Monday, August 17, 2009

The U.S. and Brazil in 1971

Anyone interested in U.S.-Latin American relations should definitely take a look at the National Security Archive website, which has posted declassified documents about cooperation between Brazil and the U.S. to destabilize the government of Salvador Allende. These were declassified as part of the State Department's Foreign Relations of the United States series, much of which is now online. FRUS is a very cool resource--I was introduced to it in a U.S.-Latin America class while doing my M.A., and plan to do the same when I teach a Latin American Studies graduate seminar next spring.

Presidents Richard Nixon and Emilio Médici met in December 1971 (Allende assumed office in November 1971). When you hear a dictator say that his visit "had been far above anything he had expected" you pretty much understand the Nixon/Kissinger approach to anti-communist governments. Médici also clearly felt superior to his fellow Latin Americans: "He saw how much difficulty he had in dealing with and understanding the Spanish-American mentality" and figured it was even harder for Nixon.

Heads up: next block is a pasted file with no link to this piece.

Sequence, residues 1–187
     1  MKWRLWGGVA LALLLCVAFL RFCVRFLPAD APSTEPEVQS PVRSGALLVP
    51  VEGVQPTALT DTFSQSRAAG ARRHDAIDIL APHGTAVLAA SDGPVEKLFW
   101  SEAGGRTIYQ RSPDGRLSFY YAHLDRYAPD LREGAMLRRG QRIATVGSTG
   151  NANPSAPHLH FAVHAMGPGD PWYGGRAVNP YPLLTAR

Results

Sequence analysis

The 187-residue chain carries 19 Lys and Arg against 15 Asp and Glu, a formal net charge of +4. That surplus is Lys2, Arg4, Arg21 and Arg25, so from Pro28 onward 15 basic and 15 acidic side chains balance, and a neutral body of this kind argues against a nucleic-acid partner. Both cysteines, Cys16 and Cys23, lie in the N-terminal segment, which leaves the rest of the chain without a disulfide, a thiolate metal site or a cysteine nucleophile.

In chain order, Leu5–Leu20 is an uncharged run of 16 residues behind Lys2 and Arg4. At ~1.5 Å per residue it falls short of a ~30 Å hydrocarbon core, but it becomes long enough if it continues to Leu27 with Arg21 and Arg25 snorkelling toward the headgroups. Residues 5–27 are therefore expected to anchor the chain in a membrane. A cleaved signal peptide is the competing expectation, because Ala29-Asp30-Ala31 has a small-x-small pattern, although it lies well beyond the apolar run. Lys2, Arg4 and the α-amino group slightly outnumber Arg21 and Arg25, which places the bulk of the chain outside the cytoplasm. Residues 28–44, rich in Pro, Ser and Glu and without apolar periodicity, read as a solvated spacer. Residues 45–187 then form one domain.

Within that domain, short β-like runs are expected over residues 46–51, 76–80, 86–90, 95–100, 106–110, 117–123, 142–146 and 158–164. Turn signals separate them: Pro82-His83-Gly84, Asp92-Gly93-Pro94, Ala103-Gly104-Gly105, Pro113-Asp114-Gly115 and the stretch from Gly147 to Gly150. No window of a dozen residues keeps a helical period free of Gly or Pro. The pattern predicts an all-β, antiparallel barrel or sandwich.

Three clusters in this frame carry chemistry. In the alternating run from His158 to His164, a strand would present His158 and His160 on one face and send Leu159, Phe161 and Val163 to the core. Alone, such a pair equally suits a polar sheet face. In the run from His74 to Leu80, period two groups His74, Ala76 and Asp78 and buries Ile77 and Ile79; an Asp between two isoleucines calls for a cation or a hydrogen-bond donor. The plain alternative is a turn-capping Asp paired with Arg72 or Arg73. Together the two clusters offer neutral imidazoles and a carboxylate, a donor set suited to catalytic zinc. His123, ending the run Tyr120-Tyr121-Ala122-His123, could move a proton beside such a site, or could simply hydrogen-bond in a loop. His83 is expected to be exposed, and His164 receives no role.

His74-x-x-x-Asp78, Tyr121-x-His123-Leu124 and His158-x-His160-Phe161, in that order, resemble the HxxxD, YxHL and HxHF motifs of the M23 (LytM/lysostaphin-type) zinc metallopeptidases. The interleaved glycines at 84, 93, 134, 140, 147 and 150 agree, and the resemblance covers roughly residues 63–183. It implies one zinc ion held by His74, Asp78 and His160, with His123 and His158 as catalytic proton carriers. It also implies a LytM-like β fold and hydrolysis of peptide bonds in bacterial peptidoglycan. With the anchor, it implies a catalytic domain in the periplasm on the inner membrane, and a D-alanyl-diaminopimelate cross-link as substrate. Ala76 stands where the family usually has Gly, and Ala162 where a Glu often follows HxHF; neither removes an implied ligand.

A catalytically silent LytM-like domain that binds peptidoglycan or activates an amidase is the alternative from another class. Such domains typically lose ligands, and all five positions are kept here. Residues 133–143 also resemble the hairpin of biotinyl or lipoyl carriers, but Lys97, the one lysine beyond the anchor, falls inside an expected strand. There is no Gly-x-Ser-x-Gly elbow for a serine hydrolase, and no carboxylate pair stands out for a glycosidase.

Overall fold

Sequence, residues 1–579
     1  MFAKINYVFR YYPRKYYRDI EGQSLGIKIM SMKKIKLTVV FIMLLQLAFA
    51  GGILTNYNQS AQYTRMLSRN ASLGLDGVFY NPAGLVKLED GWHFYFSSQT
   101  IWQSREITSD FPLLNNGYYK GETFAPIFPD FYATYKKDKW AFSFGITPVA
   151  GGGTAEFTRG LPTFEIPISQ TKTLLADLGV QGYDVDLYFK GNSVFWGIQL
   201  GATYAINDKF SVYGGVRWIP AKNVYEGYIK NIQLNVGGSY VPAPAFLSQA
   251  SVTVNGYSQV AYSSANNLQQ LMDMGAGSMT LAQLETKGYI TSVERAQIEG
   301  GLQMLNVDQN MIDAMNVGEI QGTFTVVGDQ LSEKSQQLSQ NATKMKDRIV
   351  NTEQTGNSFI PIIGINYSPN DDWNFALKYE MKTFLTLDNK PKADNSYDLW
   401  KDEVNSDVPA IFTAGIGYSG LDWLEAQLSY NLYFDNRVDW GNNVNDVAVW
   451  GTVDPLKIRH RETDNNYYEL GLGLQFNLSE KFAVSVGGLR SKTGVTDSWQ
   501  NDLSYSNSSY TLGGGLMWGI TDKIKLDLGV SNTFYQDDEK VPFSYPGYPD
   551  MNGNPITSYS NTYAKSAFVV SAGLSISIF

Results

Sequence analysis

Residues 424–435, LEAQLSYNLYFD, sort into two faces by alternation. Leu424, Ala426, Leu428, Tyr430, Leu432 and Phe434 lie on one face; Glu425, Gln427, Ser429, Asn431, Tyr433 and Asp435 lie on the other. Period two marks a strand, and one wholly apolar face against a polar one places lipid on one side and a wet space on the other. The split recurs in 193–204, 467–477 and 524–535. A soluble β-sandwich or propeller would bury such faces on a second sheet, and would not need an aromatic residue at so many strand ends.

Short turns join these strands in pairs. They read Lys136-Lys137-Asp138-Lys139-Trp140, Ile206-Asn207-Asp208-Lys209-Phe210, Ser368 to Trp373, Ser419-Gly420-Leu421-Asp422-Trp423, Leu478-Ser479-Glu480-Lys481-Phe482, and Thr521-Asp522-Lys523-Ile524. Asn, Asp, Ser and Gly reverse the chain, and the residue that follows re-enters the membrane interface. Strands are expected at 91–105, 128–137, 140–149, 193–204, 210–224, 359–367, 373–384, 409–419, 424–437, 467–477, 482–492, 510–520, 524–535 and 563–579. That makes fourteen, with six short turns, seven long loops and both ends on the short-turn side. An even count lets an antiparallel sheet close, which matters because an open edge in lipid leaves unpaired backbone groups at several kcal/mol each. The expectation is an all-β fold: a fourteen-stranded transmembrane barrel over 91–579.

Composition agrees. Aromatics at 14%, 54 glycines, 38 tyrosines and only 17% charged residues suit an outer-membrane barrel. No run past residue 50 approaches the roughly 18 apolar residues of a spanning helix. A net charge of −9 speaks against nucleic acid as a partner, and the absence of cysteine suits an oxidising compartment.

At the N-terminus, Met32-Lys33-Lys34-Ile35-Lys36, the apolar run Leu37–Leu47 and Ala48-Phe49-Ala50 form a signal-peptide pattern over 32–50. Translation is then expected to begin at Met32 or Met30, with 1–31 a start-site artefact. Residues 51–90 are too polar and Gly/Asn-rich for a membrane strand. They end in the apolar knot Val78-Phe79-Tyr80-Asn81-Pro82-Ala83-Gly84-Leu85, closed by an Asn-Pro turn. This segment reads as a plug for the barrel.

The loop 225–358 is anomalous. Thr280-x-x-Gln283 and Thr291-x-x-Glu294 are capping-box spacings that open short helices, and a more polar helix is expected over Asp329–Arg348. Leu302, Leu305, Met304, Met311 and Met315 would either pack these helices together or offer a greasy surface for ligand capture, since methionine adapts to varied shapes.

Regarding Chile more specifically, Médici assured Nixon that he had Brazilian officers working to cultivate Chileans to overthrow Allende, and was willing to disburse aid or money. Brazil is rarely mentioned in studies of the Chilean coup, so this is an interesting revelation. Someone needs to do some digging in Brazilian archives, just as Patrice McSherry did a lot of successful digging about Operation Condor for her book Predatory States.

At the same time, however, Brazilian officials were no dummies, and noted that it seemed the Nixon administration wanted them to do the "dirty work" and this might have negative consequences for the Brazilian military.


Nell 12:47 PM  

Ah, the culture of impunity.

Henry Kissinger is still a free man, not only able to go out in public without being spat on or shunned, but getting warm appreciation from his successor, currently busy tolerating a turning-point coup herself.

Anonymous,  1:51 PM  

Pinochet was a brutal dictator but in the universe of brutal dictators he was among the best. He eventually left and left behind a well organized country. The left wing governments that followed kept the core of his economic policies and today Chile is the envy of the region.

Compare him to Fidel, who is still in power and whose signature economic accomplishment is producing the world's best educated prostitutes.

Nell 4:16 PM  

FRUS is indeed a cool resource, but would be more so if the U.S. government were not continuing to play revisionist games with the history: Steven Aftergood reports on the bizarre back-and-forth moves wrt the Uruguay history of this same period.

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